Many people don’t know what friendly games in soccer mean. This is why this article will explain all the ins and outs of such games to you.
A friendly game in soccer is a game that is not taken upon by any recognized competition. You can join it for fun or as a way of giving reserve players some on-field experience. The results of these types of games are not counted in stats and do not affect the standings in either a league or tournament.
This explanation of a friendly is probably not going to be enough to understand what it means and its importance. To do this, we need to look at why they are played and if they count for anything outside of the game.
Friendly games may seem like they’re just used to prepare for upcoming tournaments or maintain training during the offseason. They can provide coaches and players with the chance to experiment. For example, friendlies allow teams to play different styles of soccer which helps them work on skills their opponents will most likely use in a real match.
Friendly matches occur outside of championships or leagues, but still, involve a level of goal-setting and competition. Friendly matches are often called “exhibitions” because they can be between any two different teams that have no cultural or regional connections. They’re not usually a competitive game and mainly exist to showcase a team to other teams.
Why Soccer Teams Play Friendlies
When I first started watching soccer, it took some time to figure out what each game type in soccer meant. I had to learn the difference between tournament, league and cup games. One type of game called a “friendly”, or “exhibition” game seemed the most confusing to me as a newcomer.
The game was not eligible for a league or tournament and thus had no significant meaning to the team. The team didn’t earn any points from the game, they wouldn’t progress to the next round of competition and it appeared as though it would be forgotten soon enough.
If the game has no benefit for either team, there’s no reason to play. However, it doesn’t take long to realize that friendly games are beneficial in many different forms.
Teams can use exhibition games for a number of purposes – here are the three main reasons.
- To strengthen the player’s fitness level
- To give players more time to play with each other
- To test new tactics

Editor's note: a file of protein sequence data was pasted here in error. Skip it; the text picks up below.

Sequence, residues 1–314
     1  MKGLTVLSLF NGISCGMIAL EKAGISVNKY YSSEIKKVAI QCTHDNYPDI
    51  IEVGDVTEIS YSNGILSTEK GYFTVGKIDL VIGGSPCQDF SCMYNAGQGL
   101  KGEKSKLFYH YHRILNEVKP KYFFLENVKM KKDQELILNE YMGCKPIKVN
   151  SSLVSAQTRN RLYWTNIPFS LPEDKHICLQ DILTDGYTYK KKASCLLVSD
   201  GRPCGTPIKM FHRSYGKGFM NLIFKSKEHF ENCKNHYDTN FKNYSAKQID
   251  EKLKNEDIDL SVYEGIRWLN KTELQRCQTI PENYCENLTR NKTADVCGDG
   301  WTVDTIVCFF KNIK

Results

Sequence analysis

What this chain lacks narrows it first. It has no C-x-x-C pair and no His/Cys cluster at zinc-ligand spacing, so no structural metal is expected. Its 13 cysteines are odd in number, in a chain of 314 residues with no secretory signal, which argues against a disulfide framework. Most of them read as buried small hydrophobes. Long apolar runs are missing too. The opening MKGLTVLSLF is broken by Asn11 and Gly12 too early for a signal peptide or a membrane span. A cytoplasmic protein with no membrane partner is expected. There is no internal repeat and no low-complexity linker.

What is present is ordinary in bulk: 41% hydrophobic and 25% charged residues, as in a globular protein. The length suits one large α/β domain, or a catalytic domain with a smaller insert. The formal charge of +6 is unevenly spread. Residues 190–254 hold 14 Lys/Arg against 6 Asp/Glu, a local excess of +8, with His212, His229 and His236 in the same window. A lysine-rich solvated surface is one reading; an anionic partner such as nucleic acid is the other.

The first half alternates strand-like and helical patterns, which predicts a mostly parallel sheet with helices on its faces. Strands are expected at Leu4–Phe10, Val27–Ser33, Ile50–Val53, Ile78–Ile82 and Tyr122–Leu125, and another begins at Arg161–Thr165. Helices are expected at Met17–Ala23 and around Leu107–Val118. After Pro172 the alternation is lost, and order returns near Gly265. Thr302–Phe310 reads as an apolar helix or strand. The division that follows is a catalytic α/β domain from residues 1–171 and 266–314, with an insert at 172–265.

Let’s explore each of these 3 reasons in greater depth.
1. To give players more time to play with each other
You might see a friendly soccer game between international teams. These types of friendly games happen throughout the season and can help players increase their enjoyment and comfort with their teammates.
As nationals, players are able to showcase their skills on the world stage during these international gatherings. The chance to play in international games is crucial for teams hoping to qualify for events like the FIFA World Cup or Copa América.
Qualifying games can be tough because players often go into them without having played together for a long time.
Before important games, you often play a friendly game. This allows players to get back into the flow of things together and prepare for what lies ahead.
National teams will also often play a set of friendly games before major international tournaments in order to get used to playing together before the start of their first competitive game in the tournament. These games can often serve as a chance for young players to add some experience and knowledge about the pressures that come from playing high-profile international games.
2. To strengthen the player’s fitness level
Quite often you will see a friendly game take place between soccer players in order to increase their fitness levels before a new season begins. They will do this so they can obtain the physical strength and energy levels that are needed.
Many soccer players take a break at the end of each season, which can last for weeks or months depending on the club, league, and team. Staying in shape is hard work but not all players manage to do so during this break.